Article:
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News & Events, ProfilesAug 22nd, 2012 | 1 Comment
Lovely and lengthy report from CBS Sunday morning on the latest with Rufus, who’s getting married this week.
News & Events, ProfilesAug 13th, 2012 | 1 Comment
“I’m not dismissive of classical music and the Western canon,” Ms. Oliveros said during a wide-ranging interview at the office of her foundation in Kingston, N.Y., where she lives with her longtime partner, Ione, a writer and performance artist. “It’s simply that I can’t be bound by it. I’ve been jumping out of categories all my life.” She laughed, a hearty sound that liberally punctuated a generous, easygoing conversation.
From “Strange Sounds Led a Composer to a Long Career,” a fine piece by Steve Smith in the Sunday New York Times.
News & Events, ProfilesAug 5th, 2012 | 1 Comment
With the arrival of its new music director Yannick Nézet-Séguin in the fall, the dawn of a new era is at hand for the Philadelphia Orchestra. Audiences at the Saratoga Performing Arts Center this week will get more than a sampling of what’s in store.
Starting on Wednesday (8/8/12), the 37-year old French Canadian conductor leads three consecutive nights of performances at the Saratoga Performing Arts Center. The enticing programs showcase the range of his strengths as well as where he plans to take the Philly in the future. In tried and true SPAC tradition, they’ll be plenty of mainstream...
News & Events, ProfilesMar 13th, 2012 | No Comments
Paula Kimper’s first opera, “Patience and Sarah” was subtitled “a pioneering love story.” Written in collaboration with librettist Wende Persons and based on the historical novel by Isabel Miller, it was also a pioneering opera, depicting a 19th century lesbian couple who settle a farm in upstate New York.
As a composer Kimper didn’t have a deep catalog when she undertook to write the evening-length “Patience.” But the opera was widely hailed when it debuted in the 1998 Lincoln Center Festival and it’s had five subsequent revivals in the...
ProfilesMar 3rd, 2012 | 1 Comment
Shaun O’Brien made his name on the stage as a New York City Ballet dancer and adopted the troupe’s summer home as his own until his death last week.
O’Brien, a member of New York City Ballet for about 40 years, died in Saratoga Springs on Feb. 23 at age 86. He will be remembered for his unusually long career portraying character roles, especially Drosselmeier in “The Nutcracker” and Dr. Coppelius in “Coppelia.”
O’Brien danced in the 1966 opening season of the Saratoga Performing Arts Center and in 1973 he bought a home off North Broadway in Saratoga with his companion, the actor...
News & Events, ProfilesFeb 22nd, 2012 | No Comments
“A short, feminist opera about social change” is how composer Marie Incontrera describes her new project. In short, it’s a “riot girl opera.”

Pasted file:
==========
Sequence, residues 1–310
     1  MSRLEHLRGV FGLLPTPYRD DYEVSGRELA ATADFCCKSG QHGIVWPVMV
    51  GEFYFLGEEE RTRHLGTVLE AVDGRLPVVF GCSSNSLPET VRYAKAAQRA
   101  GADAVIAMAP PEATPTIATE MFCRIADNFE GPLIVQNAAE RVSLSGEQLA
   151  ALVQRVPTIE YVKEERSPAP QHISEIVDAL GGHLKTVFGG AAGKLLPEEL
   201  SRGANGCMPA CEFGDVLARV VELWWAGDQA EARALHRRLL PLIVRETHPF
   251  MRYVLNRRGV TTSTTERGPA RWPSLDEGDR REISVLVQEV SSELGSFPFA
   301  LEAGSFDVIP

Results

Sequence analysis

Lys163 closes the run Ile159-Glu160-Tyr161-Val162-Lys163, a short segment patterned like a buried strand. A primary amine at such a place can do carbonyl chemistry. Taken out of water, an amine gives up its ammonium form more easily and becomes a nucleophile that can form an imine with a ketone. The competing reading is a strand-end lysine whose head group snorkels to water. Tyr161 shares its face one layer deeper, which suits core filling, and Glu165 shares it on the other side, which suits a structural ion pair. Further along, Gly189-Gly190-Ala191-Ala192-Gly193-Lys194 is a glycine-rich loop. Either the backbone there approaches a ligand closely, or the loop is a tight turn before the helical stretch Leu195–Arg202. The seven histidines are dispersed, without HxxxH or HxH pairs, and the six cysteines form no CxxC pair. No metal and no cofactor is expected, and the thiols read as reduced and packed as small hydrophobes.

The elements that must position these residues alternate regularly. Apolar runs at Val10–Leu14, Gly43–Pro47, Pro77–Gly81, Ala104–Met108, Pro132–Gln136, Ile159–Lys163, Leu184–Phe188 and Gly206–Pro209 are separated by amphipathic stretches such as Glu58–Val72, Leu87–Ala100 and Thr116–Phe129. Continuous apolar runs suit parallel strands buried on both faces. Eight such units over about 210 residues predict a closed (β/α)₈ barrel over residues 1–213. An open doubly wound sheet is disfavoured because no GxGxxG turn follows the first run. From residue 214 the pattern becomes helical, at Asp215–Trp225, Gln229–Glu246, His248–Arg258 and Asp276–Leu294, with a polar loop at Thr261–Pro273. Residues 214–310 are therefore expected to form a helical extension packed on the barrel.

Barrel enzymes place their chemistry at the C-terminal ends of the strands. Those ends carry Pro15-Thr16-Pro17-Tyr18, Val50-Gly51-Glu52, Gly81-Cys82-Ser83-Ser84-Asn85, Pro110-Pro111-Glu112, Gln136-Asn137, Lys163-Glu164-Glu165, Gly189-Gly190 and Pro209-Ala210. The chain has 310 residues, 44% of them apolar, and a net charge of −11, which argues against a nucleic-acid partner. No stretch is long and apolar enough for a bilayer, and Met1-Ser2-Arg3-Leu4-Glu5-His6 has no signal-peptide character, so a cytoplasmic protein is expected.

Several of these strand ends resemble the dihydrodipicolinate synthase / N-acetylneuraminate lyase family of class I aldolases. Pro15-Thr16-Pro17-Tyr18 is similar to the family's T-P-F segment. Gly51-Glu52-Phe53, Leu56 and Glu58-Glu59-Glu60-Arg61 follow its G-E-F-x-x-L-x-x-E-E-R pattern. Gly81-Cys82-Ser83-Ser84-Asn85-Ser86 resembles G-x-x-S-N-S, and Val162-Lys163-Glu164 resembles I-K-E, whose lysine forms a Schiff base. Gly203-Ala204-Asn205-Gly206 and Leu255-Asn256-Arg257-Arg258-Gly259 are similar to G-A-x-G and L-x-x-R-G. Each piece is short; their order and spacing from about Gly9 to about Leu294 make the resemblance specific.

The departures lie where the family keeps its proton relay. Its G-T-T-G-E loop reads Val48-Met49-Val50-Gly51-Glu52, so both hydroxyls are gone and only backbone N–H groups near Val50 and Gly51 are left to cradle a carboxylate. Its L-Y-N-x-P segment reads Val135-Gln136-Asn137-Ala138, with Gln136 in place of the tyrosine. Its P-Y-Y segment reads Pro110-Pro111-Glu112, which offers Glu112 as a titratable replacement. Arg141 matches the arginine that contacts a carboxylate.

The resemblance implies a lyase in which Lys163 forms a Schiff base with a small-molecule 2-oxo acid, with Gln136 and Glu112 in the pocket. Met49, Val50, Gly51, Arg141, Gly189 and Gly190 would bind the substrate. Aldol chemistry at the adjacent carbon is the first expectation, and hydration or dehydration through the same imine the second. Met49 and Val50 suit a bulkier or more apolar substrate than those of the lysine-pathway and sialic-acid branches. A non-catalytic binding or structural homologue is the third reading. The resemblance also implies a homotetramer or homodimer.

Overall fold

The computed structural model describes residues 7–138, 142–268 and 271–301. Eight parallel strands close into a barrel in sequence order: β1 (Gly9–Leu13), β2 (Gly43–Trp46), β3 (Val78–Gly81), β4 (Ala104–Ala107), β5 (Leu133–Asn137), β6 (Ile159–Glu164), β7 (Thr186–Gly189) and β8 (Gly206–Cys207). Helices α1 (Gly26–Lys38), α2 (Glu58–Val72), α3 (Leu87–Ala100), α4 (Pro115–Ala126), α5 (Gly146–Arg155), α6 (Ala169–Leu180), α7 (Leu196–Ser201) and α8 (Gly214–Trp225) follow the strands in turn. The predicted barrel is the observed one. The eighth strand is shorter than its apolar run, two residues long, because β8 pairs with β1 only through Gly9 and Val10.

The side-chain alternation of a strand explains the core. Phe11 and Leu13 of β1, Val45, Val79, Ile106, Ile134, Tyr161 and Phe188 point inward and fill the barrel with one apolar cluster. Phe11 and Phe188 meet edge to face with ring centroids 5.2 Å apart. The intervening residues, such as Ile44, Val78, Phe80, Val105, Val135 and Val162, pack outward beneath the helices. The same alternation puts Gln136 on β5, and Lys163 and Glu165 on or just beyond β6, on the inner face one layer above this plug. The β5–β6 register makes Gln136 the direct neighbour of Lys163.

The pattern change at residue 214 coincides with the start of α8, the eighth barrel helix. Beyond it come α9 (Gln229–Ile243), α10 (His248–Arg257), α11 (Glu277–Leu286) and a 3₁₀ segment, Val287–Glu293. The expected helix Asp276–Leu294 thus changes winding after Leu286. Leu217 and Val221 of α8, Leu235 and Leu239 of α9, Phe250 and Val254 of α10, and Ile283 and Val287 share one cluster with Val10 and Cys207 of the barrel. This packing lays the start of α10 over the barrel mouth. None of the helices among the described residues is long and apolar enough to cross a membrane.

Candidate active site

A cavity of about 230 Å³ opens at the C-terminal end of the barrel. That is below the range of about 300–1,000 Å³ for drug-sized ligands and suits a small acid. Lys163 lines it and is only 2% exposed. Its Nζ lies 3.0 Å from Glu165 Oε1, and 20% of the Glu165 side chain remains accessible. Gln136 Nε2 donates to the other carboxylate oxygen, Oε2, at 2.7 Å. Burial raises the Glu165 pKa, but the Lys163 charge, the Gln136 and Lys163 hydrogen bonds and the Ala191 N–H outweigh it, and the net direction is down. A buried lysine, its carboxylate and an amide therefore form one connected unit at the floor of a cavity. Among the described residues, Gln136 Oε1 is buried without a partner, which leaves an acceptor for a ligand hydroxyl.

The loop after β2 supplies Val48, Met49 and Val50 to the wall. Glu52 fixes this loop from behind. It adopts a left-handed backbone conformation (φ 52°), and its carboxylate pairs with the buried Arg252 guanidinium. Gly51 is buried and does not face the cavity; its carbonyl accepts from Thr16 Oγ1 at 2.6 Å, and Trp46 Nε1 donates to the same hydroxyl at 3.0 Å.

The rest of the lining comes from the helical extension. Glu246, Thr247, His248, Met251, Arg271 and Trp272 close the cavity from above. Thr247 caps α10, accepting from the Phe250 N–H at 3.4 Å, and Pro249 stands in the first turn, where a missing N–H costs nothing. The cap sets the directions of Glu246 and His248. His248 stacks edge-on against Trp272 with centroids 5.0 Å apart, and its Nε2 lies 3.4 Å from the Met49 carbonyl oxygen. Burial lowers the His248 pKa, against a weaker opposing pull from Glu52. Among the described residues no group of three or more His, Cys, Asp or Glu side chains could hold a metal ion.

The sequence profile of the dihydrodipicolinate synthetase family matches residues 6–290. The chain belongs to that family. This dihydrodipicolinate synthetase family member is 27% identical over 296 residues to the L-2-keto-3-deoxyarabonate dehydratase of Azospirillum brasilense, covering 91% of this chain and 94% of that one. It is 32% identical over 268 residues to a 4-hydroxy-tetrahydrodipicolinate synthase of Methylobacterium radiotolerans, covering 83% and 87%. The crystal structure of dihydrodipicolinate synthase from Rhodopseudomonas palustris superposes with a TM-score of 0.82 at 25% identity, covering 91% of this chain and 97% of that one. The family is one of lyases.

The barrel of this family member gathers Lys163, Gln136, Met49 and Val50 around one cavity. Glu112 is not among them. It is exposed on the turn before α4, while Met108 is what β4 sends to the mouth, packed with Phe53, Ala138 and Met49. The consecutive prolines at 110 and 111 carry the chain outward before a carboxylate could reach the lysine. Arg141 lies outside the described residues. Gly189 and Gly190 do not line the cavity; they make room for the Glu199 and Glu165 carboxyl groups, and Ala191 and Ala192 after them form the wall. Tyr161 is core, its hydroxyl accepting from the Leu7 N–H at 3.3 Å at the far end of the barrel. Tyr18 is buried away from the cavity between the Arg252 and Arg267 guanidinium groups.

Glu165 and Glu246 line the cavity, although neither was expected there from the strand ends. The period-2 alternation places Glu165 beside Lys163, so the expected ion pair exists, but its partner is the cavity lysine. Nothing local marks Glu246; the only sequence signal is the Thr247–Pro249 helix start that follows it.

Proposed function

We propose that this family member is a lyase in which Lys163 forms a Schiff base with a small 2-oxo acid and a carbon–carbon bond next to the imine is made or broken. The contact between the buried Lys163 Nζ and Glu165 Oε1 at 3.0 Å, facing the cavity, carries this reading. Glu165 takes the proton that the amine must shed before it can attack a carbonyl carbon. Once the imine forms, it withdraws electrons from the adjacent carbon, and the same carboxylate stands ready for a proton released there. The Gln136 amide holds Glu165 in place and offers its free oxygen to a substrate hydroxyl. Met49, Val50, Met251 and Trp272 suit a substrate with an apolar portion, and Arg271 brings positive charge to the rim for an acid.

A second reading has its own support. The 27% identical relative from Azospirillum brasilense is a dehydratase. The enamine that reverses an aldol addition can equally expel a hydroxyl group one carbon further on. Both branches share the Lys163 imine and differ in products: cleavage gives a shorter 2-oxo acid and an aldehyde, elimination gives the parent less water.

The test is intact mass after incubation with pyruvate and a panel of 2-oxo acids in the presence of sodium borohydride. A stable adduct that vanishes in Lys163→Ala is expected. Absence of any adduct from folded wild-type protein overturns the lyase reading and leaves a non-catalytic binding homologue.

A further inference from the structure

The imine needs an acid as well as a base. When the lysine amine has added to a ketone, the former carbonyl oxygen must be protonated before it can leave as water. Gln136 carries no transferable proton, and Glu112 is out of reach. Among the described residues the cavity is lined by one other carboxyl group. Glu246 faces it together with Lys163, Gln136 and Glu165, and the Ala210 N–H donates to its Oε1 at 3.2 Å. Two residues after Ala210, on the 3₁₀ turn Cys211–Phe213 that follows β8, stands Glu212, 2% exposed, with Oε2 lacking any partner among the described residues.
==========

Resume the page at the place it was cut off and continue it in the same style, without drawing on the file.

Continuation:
“At the Other Side of the Earth” is scheduled to debut May 18 at the Lesbian, Gay, Bisexual and Transgender Community Center in New York. The cast features Layla Jasmine Presson, Katherine Cardin, Monica Harte, Scottie Roché and Lisa Difiore. J. Julian Christopher directs.
Here’s the synopsis:
Aurora is forced to face who she truly is when she meets Layla, an out-and-proud “riot grrrl” with a bold...
News & Events, ProfilesFeb 7th, 2012 | 1 Comment
Ashman wrote the book and lyrics for the musical “Little Shop of Horrors,” and the lyrics to songs in the Disney films “Aladdin,” “Beauty and the Beast” and “The Little Mermaid,” all featuring music by Alan Menken. He died of AIDS in 1991 at age 40.
Last summer his sister Sarah Ashman Gillespie launched a beautiful tribute site, Howard Ashman: Part of His World. It’s a place for fans to learn and explore but it also seems to be an outlet for Sarah to rediscovered who her brother was.
I can’t carry on Howard’s singular talent as a writer...
ProfilesFeb 4th, 2012 | 2 Comments
I’ll never look at paper dolls the same again. That’s because I recently befriended the greatest living creator of the art form, 83-year old Tom Tierney.
Now I certainly didn’t go looking to chat up a paper doll artist, which made the whole experience all the more special. Here’s the story…
My boyfriend Doug and I were driving from Houston to Austin last Sunday, and stopped in the little town of Smithville, population c. 4,456. We’d been told it was the best place to browse antique shops while en route. Junk stores is more what Doug considered them. But it was a typically...
News & Events, ProfilesFeb 2nd, 2012 | No Comments
Fred Hersch isn’t a meditation guru. He’s a composer and jazz pianist. But he does know something about that elusive goal of living in the moment.
“If you think too far ahead you drop the ball. This is why tennis and jazz are very similar,” he says, in the documentary “The Lives of Fred Hersch.” He continues, “you have to play what is in front of you and what appears, and react to it.”
On Friday night he’ll be performing a solo piano concert at Chapin Hall in Williamstown, Mass. “People should come expecting original music, and definitely some things by Thelonious Monk...
News & Events, ProfilesJan 20th, 2012 | No Comments
For the past two holiday seasons, fans of Broadway musicals have had special treats under the Christmas tree – the collected lyrics of Stephen Sondheim, issued in matching volumes during the past two autumns. “Finishing A Hat” (volume 1) and “Look, I Made A Hat” (volume 2) are coffee table-size books that include not just the lyrics for legendary shows like “West Side Story,” “A Little Night Music” and “Sweeney Todd,” but also extensive commentary and reminisces by Sondheim. (The books’ titles reference a song from “Sunday in the Park With George.”)
In one passage,...